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Oct
23
comment What can you say about $f$ and $g$ in the case that $fg$ is 1) Injective, 2) Surjective - Cohn - Classic Algebra Page 15
Yup. If you expanded out why the statements you claim are true (especially the $x_1fg \neq x_2fg$ proof, I think I know what you are getting at but you are missing details) it would be more clear that you proved that $f$ is injective two different ways.
Oct
23
comment What can you say about $f$ and $g$ in the case that $fg$ is 1) Injective, 2) Surjective - Cohn - Classic Algebra Page 15
@Committingtoachallenge You basically have it now and adding the small change I see you added made it far more clear than it was before. Are you trying to prove injectivity two different ways? It looks like you basically have two proofs which may have also been a tad confusing.
Oct
23
revised What can you say about $f$ and $g$ in the case that $fg$ is 1) Injective, 2) Surjective - Cohn - Classic Algebra Page 15
added 6 characters in body
Oct
23
answered What can you say about $f$ and $g$ in the case that $fg$ is 1) Injective, 2) Surjective - Cohn - Classic Algebra Page 15
Oct
23
revised What can you say about $f$ and $g$ in the case that $fg$ is 1) Injective, 2) Surjective - Cohn - Classic Algebra Page 15
Number theory does not belong.
Oct
23
suggested suggested edit on What can you say about $f$ and $g$ in the case that $fg$ is 1) Injective, 2) Surjective - Cohn - Classic Algebra Page 15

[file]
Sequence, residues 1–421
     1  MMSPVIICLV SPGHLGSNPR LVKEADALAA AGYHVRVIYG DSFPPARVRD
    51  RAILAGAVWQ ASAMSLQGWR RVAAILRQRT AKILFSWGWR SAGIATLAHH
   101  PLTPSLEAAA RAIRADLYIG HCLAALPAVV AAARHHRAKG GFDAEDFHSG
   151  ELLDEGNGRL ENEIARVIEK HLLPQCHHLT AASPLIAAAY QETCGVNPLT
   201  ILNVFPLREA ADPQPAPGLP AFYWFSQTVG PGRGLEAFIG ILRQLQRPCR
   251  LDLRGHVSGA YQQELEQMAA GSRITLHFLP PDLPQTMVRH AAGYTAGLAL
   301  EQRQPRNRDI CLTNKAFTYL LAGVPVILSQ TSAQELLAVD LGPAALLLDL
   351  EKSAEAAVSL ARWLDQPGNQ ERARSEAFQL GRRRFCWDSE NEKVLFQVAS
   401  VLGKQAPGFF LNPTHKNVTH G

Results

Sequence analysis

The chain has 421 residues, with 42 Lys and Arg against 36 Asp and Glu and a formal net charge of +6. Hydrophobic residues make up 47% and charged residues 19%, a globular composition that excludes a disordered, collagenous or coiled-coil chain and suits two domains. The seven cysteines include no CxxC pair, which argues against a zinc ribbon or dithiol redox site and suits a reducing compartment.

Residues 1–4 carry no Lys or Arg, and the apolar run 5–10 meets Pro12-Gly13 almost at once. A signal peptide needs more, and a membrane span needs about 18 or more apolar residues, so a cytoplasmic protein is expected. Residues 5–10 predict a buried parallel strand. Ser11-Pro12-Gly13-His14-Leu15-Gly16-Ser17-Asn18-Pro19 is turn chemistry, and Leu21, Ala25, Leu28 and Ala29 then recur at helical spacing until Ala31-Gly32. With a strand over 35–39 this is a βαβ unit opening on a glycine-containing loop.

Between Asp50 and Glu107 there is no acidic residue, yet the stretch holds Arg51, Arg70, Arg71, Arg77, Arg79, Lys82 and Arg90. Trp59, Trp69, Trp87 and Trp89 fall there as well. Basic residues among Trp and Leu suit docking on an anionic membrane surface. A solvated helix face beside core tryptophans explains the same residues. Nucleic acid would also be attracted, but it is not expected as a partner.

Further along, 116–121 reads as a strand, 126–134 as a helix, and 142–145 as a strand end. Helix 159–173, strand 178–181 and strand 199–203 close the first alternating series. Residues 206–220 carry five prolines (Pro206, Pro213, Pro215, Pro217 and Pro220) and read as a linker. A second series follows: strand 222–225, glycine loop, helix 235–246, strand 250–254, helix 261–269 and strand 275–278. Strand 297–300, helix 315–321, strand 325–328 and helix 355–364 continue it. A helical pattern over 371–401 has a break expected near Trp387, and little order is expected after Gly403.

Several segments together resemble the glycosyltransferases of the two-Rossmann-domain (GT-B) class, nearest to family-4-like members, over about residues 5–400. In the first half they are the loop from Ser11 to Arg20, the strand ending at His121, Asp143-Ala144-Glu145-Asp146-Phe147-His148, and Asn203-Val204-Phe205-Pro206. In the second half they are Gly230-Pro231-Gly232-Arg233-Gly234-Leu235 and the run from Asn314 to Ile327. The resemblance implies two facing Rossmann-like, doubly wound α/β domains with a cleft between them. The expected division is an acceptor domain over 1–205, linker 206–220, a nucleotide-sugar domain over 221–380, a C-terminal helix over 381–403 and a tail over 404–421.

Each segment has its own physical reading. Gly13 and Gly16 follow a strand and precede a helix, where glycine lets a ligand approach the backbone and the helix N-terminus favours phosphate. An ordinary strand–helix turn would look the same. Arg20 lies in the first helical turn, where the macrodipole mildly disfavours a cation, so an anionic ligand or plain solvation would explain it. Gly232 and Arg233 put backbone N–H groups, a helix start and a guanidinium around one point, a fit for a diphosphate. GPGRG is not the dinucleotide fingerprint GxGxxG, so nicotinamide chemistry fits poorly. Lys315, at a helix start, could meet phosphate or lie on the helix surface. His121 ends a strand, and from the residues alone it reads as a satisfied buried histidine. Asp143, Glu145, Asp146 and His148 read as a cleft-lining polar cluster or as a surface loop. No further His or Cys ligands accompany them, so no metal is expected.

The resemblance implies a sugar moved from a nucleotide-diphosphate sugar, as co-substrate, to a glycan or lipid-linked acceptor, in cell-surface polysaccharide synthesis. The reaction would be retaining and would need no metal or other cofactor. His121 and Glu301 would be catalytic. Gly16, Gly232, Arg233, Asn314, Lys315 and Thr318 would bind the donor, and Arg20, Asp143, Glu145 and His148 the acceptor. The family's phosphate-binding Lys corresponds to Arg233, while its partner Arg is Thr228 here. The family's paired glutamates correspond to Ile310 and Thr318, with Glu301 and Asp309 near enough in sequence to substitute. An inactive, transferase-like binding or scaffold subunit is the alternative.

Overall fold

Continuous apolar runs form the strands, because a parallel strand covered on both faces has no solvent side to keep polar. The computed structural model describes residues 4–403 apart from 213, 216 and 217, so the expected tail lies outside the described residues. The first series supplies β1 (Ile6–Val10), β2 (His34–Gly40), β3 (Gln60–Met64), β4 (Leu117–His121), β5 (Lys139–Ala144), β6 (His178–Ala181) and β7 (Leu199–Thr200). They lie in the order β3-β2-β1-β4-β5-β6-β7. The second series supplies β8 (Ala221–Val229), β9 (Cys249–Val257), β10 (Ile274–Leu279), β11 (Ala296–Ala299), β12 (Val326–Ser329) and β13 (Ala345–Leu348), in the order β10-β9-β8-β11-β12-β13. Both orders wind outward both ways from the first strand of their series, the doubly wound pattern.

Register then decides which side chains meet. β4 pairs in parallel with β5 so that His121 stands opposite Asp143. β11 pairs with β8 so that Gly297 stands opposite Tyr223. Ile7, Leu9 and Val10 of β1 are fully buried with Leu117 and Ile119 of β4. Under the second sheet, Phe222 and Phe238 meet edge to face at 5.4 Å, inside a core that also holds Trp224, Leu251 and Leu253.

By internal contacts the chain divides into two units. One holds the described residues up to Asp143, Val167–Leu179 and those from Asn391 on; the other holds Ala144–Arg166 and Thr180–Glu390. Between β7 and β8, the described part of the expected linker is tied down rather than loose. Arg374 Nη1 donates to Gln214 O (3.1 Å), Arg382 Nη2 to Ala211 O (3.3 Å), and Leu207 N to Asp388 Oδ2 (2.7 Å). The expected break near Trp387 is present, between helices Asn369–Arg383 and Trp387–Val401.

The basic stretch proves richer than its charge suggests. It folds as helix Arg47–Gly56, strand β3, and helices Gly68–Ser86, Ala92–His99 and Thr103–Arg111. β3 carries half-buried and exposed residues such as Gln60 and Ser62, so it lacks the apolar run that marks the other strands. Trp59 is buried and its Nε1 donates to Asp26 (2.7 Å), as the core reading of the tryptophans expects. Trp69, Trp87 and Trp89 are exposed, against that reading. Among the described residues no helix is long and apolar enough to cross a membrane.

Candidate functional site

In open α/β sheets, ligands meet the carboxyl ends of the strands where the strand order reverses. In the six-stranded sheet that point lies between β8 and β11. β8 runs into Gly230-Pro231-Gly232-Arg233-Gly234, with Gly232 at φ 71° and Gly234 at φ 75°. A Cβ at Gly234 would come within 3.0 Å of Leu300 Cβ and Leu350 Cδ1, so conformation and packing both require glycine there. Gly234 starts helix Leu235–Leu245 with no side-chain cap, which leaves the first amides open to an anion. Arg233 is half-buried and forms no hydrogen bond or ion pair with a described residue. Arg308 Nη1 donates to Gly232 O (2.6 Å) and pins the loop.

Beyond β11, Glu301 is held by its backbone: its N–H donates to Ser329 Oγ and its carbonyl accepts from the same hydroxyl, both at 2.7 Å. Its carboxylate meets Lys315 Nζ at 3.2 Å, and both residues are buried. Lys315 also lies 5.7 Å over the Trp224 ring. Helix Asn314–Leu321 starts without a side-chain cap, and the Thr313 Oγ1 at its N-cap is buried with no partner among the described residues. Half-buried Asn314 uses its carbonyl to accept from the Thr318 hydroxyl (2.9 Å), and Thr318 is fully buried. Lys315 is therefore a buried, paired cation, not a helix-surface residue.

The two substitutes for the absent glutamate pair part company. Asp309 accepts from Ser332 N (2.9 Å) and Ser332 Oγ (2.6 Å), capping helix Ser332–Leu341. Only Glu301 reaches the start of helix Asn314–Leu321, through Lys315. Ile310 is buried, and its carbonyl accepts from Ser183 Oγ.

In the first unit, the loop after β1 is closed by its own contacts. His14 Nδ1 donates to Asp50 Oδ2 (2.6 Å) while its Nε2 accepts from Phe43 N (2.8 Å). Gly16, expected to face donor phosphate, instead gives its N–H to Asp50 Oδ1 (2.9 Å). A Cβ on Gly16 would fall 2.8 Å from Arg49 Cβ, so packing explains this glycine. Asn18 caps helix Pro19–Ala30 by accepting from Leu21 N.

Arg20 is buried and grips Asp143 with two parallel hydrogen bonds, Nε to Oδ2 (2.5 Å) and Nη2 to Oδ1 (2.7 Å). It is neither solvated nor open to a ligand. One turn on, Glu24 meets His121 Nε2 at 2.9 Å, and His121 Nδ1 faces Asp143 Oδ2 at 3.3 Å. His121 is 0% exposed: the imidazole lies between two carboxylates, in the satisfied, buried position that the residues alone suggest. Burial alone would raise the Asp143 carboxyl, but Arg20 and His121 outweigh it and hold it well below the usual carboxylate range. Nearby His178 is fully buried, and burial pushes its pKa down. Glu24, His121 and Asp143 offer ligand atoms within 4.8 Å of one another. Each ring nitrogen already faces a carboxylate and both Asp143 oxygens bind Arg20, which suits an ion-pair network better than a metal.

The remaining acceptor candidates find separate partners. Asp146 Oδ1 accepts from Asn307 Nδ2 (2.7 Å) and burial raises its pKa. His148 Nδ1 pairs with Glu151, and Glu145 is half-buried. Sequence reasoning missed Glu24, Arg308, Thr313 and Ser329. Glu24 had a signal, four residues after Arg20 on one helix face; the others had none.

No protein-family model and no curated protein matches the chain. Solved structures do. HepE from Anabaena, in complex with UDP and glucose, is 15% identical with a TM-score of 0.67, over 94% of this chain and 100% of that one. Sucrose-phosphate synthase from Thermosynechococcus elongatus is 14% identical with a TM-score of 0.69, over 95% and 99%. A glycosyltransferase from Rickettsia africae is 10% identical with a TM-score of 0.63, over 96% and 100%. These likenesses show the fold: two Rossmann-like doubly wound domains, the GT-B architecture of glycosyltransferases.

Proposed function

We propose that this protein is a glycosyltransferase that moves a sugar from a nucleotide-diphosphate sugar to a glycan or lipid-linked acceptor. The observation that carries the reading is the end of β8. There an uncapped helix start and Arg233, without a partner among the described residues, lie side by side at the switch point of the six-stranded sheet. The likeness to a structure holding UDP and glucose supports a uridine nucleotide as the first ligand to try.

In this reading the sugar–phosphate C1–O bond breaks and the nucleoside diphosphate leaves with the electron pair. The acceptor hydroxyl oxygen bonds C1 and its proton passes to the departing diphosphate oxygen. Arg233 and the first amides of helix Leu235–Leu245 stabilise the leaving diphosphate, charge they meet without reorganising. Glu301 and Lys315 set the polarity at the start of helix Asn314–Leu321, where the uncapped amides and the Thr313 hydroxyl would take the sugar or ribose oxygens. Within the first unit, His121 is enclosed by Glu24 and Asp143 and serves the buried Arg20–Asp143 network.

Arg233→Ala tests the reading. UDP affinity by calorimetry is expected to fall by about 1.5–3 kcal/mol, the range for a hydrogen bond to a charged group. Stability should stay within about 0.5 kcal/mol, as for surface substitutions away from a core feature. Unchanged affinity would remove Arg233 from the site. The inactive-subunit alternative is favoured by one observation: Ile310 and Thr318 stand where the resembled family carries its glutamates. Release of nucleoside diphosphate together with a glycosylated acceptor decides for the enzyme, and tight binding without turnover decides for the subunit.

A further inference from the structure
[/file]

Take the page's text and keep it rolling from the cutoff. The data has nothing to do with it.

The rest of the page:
Oct
23
comment The behavior of quotient groups under homomorphisms
Awsome! Glad to help.
Oct
22
answered The behavior of quotient groups under homomorphisms
Aug
6
comment How “bad” can presentation of the trivial group get?
@BabakS. I don't think that would be appropriate for this particular question. I suspect that a well phrased and motivated big list question could be asked looking for interesting presentations of the trivial group, and where these presentations came from (like answered some question in topology or something), though (if it hasn't been done before).
Jul
2
awarded  Curious
Jun
4
comment Looking for a field isomorphic to $\Bbb{Q}$
Let $\alpha: \mathbb{Q} \to \mathbb{N}$ be a bijection and define operations $\times_\alpha, +_\alpha$ on $\mathbb{N}$ so that $\alpha$ is an isomorphism of fields. Your question should be more specific and well defined, otherwise I would not be surprised if your question is closed.
May
18
comment Conjecture on OEIS A167055
How high have you not disproved the conjecture?
May
14
answered Functional equation $f(x)=f(\sqrt{x})$
Apr
14
awarded  Yearling
Mar
18
awarded  Disciplined
Mar
16
accepted How many normal subgroups of the free group on $n$ generators?
Mar
15
asked How many normal subgroups of the free group on $n$ generators?
Mar
13
comment Can $\mathbb R$ be enumerated after all?
In bijection with some ordinal(that is uncountable), not the natural numbers.
Mar
9
comment Let $A$ be a subset of $C$ and $B$ a proper subgroup of $C$
@DonAntonio Okay, I was thinking you were going to do some something with reverse inclusion ($A \leq B$ iff $B \subseteq A$) and see if, with the help of Zorn's lemma get a much smaller set than $C \setminus B$ (which would be maximal with the subset relation). As for the hint $Bc$ and $c^{-1}B$ are disjoint from $B$. The idea would be to pick a $ b \in B $ and an element from $Bc$ and one from $ c^{-1}B $ that multiply to get $b$.
Mar
9
comment When should I start learning Set Theory?
This question will be useful and may answer it for you. I think most of the really important stuff showed up in the answers to your question (some basics on cardinals, ordinals, and well ordering principle/axiom of choice) and I think that can be picked up as you go along. Although, if you want to study set theory or foundations of mathematics then you probably could start now.